Crisis Communications 101: Not If But When

Aug 12, 2021 Beth Monaghan

Most tech startups focus on growth, not risk mitigation. They’re busy chasing the opportunity of tomorrow and not planning for the issues that will arise on that journey. 

Crisis management isn’t an “if” but more of a “when” thing. 

For example, as we continue to navigate this relentless pandemic—and its impacts on businesses, policies and people—companies need to be able to answer COVID-related questions on a moment’s notice.

When you’re caught unprepared, you become reactive to the situation, which makes it too easy to make mistakes that could be easily prevented. This can make you look defensive while you’re gulping for air in between fending off attacks. 

But when you’re prepared you can be responsive and even proactive to keep your reputation intact. This is why every company needs a crisis communications plan (yes, even early-stage startups). 

Here’s what you should consider: 

☑️ What are your worst-case scenarios? Accidents in the workplace. Data breaches. Employee activism. Executive changes. Lawsuits. #MeToo scandals. Pandemics. It’s better to plan for the worst and hope for the best than to be caught in the worst and not know what to do. 

☑️ Is this a one-day story? Today, news cycles are less than 24 hours. Some crises can be waited out. Others will only get worse the longer you wait to address. Are you sitting on information you know is going to come out anyway? Or is the whole truth already out there? 

☑️ The news media is judge and jury. You may not have time to conduct a thorough investigation. Once the news story appears, the judgment has been made. Speed of response is critical to control the narrative. 

☑️ Delay tactics can look like guilt. Can you respond within 15 minutes? Do you know how to reach the people you need for approval? A good process makes decision-making efficient. Speed is important, but not at the expense of being wrong. This is where your holding statement comes in — it’s what you offer to hold the situation while you figure out the truth. These should be written now.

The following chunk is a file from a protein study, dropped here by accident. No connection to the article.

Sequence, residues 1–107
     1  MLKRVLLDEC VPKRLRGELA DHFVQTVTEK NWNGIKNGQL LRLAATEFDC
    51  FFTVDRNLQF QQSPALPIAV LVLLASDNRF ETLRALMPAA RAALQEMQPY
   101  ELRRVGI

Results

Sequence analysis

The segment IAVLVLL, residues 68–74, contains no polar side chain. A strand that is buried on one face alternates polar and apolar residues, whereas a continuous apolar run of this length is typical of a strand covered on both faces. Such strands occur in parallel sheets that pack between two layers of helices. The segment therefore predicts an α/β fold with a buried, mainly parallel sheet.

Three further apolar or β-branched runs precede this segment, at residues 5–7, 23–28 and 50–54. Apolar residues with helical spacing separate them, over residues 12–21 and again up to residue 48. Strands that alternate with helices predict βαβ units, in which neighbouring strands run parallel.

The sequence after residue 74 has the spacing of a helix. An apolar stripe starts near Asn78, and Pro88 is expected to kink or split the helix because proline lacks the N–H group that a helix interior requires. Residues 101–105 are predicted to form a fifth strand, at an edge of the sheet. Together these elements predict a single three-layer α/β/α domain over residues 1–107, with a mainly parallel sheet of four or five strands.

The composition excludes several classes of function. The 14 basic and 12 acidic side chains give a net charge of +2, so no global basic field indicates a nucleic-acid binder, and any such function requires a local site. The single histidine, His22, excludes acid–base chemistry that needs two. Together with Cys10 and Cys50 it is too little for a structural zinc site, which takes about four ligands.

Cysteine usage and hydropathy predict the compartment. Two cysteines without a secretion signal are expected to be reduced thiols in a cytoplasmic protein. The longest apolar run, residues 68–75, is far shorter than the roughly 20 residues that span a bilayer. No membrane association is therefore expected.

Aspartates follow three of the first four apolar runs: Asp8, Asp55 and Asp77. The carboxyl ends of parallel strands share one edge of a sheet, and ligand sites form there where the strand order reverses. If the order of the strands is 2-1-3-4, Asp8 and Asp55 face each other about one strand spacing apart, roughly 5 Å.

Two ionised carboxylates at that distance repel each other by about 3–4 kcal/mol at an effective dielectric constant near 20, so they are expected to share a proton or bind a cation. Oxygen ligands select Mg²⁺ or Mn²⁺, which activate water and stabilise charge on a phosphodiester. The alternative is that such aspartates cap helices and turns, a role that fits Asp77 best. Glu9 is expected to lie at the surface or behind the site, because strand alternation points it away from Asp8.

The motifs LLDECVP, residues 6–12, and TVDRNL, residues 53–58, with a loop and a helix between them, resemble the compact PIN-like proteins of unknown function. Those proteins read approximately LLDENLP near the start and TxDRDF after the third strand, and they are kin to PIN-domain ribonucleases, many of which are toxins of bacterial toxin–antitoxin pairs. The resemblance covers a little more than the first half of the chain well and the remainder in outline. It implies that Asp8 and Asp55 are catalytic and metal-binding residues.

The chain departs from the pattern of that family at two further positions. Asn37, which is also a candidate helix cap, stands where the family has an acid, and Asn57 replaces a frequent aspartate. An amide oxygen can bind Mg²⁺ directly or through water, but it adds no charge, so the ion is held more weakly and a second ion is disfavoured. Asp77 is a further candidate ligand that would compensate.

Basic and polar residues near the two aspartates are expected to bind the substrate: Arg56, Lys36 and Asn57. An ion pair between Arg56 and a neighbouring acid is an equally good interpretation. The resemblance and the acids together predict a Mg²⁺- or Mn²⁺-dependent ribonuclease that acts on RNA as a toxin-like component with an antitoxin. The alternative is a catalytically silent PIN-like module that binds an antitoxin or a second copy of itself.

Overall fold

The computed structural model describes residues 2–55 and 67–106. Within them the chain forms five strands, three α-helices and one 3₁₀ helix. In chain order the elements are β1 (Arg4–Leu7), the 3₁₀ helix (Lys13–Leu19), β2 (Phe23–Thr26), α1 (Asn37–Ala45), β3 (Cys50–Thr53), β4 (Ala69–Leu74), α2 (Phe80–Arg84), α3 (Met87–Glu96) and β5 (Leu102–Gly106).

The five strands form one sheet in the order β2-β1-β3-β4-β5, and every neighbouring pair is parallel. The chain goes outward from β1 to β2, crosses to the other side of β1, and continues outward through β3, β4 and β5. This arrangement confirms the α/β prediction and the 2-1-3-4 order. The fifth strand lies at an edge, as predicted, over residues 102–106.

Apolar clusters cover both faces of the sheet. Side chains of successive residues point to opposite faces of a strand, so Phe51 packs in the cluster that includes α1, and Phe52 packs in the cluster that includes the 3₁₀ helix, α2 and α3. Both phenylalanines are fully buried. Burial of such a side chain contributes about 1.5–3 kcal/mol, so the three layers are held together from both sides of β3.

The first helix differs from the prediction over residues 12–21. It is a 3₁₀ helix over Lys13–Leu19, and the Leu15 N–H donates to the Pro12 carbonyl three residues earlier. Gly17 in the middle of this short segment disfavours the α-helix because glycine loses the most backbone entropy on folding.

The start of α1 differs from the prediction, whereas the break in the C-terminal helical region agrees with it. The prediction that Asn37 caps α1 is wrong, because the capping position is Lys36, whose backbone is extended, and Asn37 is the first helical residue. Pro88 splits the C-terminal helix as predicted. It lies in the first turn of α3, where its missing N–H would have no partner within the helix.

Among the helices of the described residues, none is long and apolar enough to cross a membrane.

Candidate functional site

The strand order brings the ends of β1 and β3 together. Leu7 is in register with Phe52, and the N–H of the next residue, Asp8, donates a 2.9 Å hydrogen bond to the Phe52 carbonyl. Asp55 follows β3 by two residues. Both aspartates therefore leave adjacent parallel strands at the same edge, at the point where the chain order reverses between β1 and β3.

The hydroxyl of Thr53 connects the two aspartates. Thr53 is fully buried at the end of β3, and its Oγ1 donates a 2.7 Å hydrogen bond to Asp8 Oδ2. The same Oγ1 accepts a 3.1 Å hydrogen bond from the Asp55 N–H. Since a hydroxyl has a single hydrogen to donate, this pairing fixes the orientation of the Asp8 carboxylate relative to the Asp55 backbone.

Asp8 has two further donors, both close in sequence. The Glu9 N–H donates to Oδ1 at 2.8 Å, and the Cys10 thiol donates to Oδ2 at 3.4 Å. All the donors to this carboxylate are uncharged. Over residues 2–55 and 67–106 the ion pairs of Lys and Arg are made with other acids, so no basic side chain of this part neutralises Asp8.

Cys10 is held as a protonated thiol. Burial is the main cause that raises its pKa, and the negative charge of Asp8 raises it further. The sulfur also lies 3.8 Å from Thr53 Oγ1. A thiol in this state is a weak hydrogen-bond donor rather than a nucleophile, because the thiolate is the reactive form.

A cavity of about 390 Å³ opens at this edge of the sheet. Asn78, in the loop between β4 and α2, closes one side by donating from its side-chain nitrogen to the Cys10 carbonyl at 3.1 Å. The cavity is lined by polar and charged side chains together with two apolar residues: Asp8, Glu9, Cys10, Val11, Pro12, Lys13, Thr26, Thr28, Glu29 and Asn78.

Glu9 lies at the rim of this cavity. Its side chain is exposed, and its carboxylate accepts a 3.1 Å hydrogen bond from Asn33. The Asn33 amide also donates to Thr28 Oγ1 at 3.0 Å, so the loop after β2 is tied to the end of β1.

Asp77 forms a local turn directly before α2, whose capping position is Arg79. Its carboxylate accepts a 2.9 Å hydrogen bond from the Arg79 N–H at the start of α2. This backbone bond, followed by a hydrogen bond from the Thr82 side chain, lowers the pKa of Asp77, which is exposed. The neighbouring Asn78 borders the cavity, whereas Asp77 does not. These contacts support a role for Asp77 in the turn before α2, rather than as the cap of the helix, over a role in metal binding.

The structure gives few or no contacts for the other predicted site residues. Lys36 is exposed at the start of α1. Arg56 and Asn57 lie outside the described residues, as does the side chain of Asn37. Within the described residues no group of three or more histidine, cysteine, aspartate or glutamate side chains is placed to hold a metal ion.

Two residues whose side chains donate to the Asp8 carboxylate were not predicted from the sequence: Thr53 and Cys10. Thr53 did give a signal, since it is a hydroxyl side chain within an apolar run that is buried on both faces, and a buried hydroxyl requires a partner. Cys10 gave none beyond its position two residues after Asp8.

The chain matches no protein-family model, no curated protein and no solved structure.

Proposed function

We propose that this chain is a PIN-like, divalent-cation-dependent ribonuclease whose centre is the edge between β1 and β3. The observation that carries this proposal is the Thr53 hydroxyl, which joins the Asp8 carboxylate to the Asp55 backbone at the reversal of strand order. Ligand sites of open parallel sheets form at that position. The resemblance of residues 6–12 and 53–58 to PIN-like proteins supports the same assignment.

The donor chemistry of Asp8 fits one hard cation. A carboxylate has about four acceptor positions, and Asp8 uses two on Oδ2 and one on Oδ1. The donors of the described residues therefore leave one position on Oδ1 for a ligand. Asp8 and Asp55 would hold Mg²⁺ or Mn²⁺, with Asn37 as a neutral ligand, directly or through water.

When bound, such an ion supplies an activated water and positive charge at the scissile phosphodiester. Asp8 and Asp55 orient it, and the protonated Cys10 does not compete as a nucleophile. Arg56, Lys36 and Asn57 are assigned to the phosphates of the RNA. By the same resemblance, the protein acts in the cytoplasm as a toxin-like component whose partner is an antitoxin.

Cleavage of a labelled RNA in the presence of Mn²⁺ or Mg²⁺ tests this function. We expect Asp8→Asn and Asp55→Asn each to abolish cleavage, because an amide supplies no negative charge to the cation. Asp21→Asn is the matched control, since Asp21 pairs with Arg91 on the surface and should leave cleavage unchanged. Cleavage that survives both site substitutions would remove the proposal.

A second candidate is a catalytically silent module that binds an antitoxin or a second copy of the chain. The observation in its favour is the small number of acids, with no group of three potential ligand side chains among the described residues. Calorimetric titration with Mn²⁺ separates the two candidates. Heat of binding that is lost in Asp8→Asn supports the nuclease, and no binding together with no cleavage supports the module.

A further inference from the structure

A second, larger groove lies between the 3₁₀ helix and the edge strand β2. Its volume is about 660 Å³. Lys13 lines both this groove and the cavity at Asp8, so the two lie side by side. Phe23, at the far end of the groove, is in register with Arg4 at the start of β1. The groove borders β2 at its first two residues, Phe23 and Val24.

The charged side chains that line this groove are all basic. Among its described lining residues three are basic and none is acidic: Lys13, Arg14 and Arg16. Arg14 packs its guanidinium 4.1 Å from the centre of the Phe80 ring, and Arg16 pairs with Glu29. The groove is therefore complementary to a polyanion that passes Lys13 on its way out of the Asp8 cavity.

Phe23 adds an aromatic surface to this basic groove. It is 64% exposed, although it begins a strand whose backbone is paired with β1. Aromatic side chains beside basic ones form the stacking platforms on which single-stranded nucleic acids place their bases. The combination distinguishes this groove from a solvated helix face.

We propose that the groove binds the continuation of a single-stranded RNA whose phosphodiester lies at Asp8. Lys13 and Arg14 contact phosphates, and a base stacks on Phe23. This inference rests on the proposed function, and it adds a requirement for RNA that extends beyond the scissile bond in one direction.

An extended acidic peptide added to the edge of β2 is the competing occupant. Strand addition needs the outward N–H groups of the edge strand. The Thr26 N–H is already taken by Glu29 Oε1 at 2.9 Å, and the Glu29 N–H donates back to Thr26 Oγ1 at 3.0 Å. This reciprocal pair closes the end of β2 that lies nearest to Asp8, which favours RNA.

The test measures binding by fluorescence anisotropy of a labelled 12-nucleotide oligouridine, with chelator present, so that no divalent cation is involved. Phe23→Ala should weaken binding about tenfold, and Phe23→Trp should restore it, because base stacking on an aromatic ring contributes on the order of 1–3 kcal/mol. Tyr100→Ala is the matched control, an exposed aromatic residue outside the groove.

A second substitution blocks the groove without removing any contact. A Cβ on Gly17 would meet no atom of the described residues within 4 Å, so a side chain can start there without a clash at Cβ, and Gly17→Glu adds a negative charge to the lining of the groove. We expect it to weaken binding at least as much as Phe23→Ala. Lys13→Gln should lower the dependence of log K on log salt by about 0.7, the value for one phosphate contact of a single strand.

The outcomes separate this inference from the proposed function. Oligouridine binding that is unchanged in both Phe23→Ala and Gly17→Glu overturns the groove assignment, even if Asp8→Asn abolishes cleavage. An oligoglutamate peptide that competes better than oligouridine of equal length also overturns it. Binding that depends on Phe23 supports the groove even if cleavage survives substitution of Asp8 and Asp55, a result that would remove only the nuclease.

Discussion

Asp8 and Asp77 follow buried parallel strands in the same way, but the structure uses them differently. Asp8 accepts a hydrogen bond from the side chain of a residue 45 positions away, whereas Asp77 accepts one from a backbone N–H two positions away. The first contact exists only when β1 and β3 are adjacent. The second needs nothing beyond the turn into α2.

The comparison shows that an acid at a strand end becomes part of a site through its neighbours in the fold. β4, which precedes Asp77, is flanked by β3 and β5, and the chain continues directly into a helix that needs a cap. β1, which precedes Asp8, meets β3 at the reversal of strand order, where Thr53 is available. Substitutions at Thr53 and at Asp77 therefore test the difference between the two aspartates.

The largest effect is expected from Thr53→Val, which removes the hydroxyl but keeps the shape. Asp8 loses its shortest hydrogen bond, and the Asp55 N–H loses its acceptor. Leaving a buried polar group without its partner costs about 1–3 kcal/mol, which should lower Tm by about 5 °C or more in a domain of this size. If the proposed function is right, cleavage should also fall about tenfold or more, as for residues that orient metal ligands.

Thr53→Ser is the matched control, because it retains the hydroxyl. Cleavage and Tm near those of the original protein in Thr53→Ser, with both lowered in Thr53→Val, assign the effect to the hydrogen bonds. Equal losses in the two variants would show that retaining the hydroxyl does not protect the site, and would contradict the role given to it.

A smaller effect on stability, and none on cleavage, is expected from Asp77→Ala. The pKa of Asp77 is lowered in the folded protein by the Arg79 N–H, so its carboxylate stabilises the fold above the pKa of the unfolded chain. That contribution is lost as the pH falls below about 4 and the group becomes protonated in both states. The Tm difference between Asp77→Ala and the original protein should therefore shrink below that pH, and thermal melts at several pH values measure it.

☑️ You need a human response, not a legal one. Companies need to prepare media strategies for every crisis scenario. Communication delivered calmly, but authentically in your voice, can help any audience pull together and weather difficult times. If a mistake was made, own it, apologize, fix it and move on. But you should be lock-step with your legal team, especially for situations that touch employment law and first amendment issues. 

☑️ Your employees are potential sources. If you don’t talk to the press, your employees will begin getting phone calls, texts and social media messages. Internal communication is critical during a crisis. Draft a message to employees to explain the issue, tell them what to do if they receive media inquiries and offer a place or person for them to go to ask questions. Pro tip: You should anticipate that any/all internal memos will be leaked externally. 

☑️ Social media is a battlefield. Citizen journalists can become movement leaders overnight, and social media is where like-minded advocates gather. You must engage there too. Are your crisis statements clear and short enough for social? Do you have the right monitoring tools and staff? The virality of social media can cause a small issue to get blown out of proportion within minutes—all before the facts are known. 

☑️ Is your spokesperson prepared? Don’t leave this one to chance, even when things are rushed. Practice works out the kinks and clarifies the message. And remember, spokespeople’s baggage becomes yours

☑️ Who are your defenders? There is strength in numbers, but there’s also credibility in well-respected defenders. Who are yours and how will you reach them quickly?

☑️ Live your values. Before you dive into the tactics, pull out your company values and read them. Your crisis plan should reflect these—values become meaningless when an organization only lives them when times are good. 

☑️ Have empathy in hard moments. Approach your teammates from a place of empathy—it’s possible that everyone is going to be working late and it’s high-stress for a period of time.

☑️ Review what happened. After the crisis is over, assess what worked, what didn’t and where the plan needs to be improved. 

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Beth Monaghan

Beth is the CEO of Inkhouse, which she co-founded in 2007 and has grown into one of the top ranked agencies in the country. Beth’s been recognized as one of the Top Women in PR by PR News, the Top 25 Innovators by The Holmes Report and as an Ernst & Young Entrepreneur of the Year finalist. Beth believes that shared values, and the freedom to create are the foundations of all meaningful work. She brings this philosophy to building a culture of creative progress at Inkhouse.

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